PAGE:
Picture: Sophocles (496-406 BC) is recorded as having written 123 plays; only 7 survive. Some of the greatest are products of the last years of his life.
Not only the order of events has changed from Aeschylus’ version. The dramatic emphasis has reverted to Aegisthus and the evaluation of the story to the Homeric point of view. ‘This day’s work is well done’, sing the chorus, as they go off when Aegisthus has been taken into the palace. Of the Furies no mention is made. In Euripides’ Electra we are again far from Homer. Here, as in many of his plays, he stripped away the glamour from legend, criticized the alleged behaviour of the gods and set the heroic characters in a new and often sordid light—realistic trends which won him little popularity in his day, but made him the favourite dramatist of subsequent generations, the main link with both later tragedy and the comedy of manners. His Electra is living in poverty, married to a peasant, whose cottage forms the background to the action. The order of events is, as in Aeschylus: Aegisthus is the first victim, and the climax is the killing of Clytemnestra, for which the wavering Orestes is steeled not by any reminder of Apollo’s will, but by his sister’s ferocious determination. The sequel to the murder is not the onslaught of the Furies, but a song in which the two describe to the chorus the horror of what they have done—the kind of scene which prompted Aristotle to call Euripides ‘the most tragic of the poets’:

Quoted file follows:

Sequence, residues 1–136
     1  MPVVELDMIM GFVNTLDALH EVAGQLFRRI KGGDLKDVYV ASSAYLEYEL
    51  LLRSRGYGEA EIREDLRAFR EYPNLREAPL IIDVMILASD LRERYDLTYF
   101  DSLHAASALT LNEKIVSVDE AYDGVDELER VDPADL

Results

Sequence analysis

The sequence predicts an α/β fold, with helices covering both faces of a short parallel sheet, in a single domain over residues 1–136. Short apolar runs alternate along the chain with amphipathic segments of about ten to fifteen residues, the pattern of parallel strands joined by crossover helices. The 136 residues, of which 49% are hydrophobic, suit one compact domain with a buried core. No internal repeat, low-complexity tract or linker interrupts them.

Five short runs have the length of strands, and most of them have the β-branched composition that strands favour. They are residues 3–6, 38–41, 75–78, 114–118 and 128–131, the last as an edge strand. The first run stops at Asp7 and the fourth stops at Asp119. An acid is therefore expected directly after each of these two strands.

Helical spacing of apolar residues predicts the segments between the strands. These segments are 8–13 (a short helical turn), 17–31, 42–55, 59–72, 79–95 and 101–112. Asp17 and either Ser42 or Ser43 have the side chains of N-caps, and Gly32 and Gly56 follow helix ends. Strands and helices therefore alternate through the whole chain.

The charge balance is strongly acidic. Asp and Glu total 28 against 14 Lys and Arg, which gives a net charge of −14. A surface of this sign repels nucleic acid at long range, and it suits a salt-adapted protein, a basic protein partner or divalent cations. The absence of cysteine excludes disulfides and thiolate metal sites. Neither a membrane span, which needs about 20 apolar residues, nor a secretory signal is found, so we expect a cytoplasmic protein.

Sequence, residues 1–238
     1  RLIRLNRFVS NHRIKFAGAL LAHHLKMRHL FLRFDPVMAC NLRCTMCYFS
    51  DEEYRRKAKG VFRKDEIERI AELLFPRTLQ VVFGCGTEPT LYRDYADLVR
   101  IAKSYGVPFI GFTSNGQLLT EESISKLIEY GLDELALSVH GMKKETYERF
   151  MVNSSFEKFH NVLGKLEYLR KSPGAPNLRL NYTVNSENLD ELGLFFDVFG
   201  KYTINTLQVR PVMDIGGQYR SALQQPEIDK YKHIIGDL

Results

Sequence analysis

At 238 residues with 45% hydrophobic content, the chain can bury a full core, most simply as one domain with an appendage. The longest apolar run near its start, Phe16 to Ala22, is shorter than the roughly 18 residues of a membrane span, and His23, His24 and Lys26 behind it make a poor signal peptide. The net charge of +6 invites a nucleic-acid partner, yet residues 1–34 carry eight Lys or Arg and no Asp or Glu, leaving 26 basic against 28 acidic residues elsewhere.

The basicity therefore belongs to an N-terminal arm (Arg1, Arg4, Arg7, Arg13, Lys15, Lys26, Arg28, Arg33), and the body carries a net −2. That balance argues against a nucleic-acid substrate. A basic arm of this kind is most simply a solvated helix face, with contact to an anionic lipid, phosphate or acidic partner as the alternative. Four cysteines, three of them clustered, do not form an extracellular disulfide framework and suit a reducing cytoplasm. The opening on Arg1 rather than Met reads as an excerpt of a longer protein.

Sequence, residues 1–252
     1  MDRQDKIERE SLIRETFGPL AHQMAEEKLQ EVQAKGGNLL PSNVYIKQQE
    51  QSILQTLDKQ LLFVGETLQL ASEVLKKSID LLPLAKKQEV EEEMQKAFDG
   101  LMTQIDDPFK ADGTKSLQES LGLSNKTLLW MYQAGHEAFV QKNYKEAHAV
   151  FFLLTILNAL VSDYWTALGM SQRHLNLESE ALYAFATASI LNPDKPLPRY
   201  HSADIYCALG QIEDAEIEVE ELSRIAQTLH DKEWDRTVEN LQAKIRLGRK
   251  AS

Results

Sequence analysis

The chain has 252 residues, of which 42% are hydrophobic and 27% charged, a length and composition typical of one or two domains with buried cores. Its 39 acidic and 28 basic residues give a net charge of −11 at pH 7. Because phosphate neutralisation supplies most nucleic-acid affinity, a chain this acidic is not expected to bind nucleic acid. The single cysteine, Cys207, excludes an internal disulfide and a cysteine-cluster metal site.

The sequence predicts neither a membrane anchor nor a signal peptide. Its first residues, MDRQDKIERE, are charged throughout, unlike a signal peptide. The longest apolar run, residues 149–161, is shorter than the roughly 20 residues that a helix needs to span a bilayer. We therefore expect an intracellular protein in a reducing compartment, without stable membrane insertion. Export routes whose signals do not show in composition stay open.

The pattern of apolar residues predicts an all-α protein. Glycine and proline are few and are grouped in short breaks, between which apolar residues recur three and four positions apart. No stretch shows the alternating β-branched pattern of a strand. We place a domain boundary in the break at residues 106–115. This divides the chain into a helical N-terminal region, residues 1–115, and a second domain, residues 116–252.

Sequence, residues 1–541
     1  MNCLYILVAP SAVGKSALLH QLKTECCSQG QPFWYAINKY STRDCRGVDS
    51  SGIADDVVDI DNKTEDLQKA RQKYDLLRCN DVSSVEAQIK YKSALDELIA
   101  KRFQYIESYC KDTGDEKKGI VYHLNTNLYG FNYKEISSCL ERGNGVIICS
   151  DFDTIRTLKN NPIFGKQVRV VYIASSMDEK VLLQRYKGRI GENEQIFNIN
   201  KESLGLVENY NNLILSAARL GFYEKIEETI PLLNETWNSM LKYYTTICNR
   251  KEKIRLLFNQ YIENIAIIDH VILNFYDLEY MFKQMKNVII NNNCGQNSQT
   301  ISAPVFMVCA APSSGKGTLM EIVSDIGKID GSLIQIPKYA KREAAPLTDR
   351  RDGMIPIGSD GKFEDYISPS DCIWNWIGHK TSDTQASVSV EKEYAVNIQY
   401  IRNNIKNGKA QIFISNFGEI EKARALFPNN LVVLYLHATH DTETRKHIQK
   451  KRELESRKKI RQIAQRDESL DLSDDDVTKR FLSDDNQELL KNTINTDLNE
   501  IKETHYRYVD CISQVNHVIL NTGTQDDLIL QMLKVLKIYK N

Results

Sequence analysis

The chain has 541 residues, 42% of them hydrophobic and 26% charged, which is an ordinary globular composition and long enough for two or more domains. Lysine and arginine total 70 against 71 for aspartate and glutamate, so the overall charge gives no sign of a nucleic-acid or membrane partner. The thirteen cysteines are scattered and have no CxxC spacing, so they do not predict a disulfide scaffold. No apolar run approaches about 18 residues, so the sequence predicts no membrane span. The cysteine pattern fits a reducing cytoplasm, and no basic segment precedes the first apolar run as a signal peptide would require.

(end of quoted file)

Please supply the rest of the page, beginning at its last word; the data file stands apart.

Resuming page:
This play, like others of Euripides, is ended by intervention from heaven. Clytemnestra’s divine twin brothers, Castor and Pollux, appear ‘out of the machine’ and foretell the future, laying the blame for Orestes’ act squarely on the ‘unwise utterances’ of Apollo. Electra is to marry Pylades, Orestes to escape the Furies by standing trial at Athens. Here Euripides echoes Aeschylus; yet five years later, in the Orestes, he devised an entirely different conclusion—a lurid melodrama in which brother and sister, still in Argos, go from crime to crime in their desperate efforts to escape execution by the people. Freedom in remoulding and reinterpreting legend, which has given many different versions of the Orestes story to more modern literature, was the accepted practise and one of the main attractions for the audience in the theatre of Dionysus.